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Being Involved in Sports or Giving Up: The Effects of Context on Teenage Girls’ Practice in French Disadvantaged Urban Neighborhoods

Carine Guérandel

Despite French policies promoting sports for girls in disadvantaged urban neighborhoods, gender inequalities in practice persist in these areas. Based on the sociology of socialization and Connell’s concept of gender regimes, this article proposes to analyze the effects of sports contexts on the (dis)engagement of girls going through the process of joining a club. The data stem from a number of ethnographic investigations (observations; interviews with athletes [girls and boys] aged 11–17, trainers, and parents, n = 42) conducted in three French disadvantaged urban neighborhoods in three different cities over a total of 5 years of field work. All the sports clubs of the neighborhoods studied were investigated. The results reveal that the forms of socialization favored by the club and the trainers of teenagers might structure feminine interrelationships either favorable to girls’ practice (as in gymnastics) or unfavorable, indeed conflictual (as in soccer).

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Action Sports and the Olympic Games: Past, Present, Future

Douglas Booth

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Special Admission: How College Sports Recruitment Favors White Suburban Athletes

Rick Eckstein

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#TheyareUnited and #TheyWantToPlay: A Critical Discourse Analysis of College Football Player Social Media Activism

Wayne L. Black, Ezinne Ofoegbu, and Sayvon L. Foster

This study examined the way college football players used social media to resist, highlight, and address inequity in college football. Employing a critical discourse analysis guided by poststructuralism as a theoretical framework, three public statements were analyzed to explore how the language used in the statements resisted multiple discourses that shape college football players’ experiences. The ways that college football players used discourse to mobilize as activists and exert control over their college athlete experience were considered. These findings highlight three consistent themes and expand research on college athlete activism through social media and language analysis.

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Economies of Mourning, Canadian Nationalism, and the Broncos: An Affective Reading of TSN’s 29 Forever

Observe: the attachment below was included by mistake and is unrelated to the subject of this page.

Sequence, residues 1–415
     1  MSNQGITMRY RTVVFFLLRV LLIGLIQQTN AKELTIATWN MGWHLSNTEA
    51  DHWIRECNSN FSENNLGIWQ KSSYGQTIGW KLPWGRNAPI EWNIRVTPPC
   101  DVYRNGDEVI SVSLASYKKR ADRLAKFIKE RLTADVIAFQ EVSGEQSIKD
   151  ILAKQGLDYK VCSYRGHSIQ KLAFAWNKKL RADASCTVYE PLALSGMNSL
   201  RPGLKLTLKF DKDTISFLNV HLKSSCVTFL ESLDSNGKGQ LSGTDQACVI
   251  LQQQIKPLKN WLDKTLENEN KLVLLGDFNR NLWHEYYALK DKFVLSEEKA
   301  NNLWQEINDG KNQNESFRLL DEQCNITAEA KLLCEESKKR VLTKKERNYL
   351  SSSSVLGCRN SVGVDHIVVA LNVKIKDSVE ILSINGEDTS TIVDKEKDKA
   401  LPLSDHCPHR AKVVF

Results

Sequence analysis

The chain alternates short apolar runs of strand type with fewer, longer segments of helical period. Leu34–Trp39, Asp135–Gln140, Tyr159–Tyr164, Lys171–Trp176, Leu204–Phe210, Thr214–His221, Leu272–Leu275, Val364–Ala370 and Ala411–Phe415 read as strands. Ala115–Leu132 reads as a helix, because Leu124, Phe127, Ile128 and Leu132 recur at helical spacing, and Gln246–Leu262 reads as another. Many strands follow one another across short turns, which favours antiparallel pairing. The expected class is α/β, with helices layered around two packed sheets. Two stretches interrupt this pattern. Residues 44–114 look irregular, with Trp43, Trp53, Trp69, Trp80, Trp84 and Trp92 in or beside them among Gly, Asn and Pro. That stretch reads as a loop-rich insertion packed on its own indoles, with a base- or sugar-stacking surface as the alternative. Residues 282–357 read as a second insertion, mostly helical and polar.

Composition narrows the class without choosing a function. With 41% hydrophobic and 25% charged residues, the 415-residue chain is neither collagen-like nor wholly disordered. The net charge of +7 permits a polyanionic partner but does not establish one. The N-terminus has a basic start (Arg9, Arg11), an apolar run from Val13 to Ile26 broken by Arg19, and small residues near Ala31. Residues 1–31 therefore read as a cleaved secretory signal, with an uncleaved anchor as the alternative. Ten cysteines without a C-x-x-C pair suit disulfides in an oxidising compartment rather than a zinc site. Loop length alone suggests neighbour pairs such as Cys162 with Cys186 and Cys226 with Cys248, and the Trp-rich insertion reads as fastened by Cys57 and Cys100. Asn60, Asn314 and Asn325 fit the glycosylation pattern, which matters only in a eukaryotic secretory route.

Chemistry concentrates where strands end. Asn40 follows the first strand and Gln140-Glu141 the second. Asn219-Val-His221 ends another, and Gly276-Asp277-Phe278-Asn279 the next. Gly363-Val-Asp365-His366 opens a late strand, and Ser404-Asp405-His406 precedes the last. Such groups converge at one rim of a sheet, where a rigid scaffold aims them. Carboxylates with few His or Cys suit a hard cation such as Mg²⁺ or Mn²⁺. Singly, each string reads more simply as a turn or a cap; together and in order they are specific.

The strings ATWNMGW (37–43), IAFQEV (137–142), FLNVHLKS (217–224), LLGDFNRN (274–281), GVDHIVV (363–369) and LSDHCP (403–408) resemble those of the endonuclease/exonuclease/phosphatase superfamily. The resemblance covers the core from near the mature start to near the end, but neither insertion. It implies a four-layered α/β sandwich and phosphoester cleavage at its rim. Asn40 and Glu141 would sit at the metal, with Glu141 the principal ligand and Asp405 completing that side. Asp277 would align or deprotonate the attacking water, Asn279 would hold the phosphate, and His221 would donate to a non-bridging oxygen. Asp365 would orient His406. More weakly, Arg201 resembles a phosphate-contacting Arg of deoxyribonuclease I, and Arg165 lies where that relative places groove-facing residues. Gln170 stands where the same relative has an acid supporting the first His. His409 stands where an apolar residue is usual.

Adam Ehsan Ali

On April 6, 2018, the Humboldt Broncos junior hockey team was traveling to a playoff game on a rural highway when their bus collided with a semitrailer truck, killing 16 people. The crash led to an unparalleled, nation-wide outpouring of mourning. The legacy of the crash has been sustained by media outlets such as The Sports Network, who released a documentary on the crash, 29 Forever. Through an affective reading of 29 Forever, this paper explores the processes by which the Humboldt bus crash came to be known and felt as a national tragedy, how the crash fits within larger practices of Canadian nation-making, and the role that hockey, emotion, and feelings play in these processes.

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Awakening to Elsewheres: Collectively Restorying Embodied Experiences of (Be)longing

Tricia McGuire-Adams, Janelle Joseph, Danielle Peers, Lindsay Eales, William Bridel, Chen Chen, Evelyn Hamdon, and Bethan Kingsley

“Mainstream” spaces of movement cultures within settler colonial states invite bodies that are White, cis, able, thin, and heterosexual, just as “mainstream” academic space validates knowledge about the world produced by these very subjects. Such mainstream assemblages are embedded within the broader structure of settler colonialism, mutually buttressed by White supremacy, heteropatriarchy, and (neo)imperialism. In this article, a Collective of scholars who represent voices from the margins writes back to settler colonialism, ableism, anti-Black racism, and other exclusions and harms. We do this to both elucidate relationships between systems of oppression and craft spaces of embodied freedom and to show/demonstrate belonging within decolonial enactments of “elsewheres.” in the field of sociology of sport.

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Unsettling the Myth of Canadian Nationhood: Hockey and Embodied Indigenous Sovereignties

Moss E. Norman, LeAnne Petherick, and Edward (Sonny) Albert

We situate the race-based division of Manitoba’s Keystone Junior Hockey League as a case study to reveal the ongoing processes of settler colonialism. We argue that this split is an example of “White settler possessive logics,” whereby settler belonging is naturalized through reiterative embodied acts of occupation. That this split happened in hockey, which is colloquially referred to as “Canada’s game,” is perhaps unsurprising given that hockey is a significant cultural site where Canadian nationhood is produced. However, we also contend that settler entitlement and belonging are never fully secure, but rather always in the process of (un)becoming. Settler belonging is thus threatened by Indigenous embodied sovereignties, which we argue can be found in the game of hockey generally, and in the Keystone Junior Hockey League specifically.

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On the Sidelines: Gendered Neoliberalism and the American Female Sportscaster

Jennifer McClearen

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Volume 39 (2022): Issue 1 (Mar 2022)

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The Kaepernick Effect: Taking a Knee, Changing the World

Judith McDonnell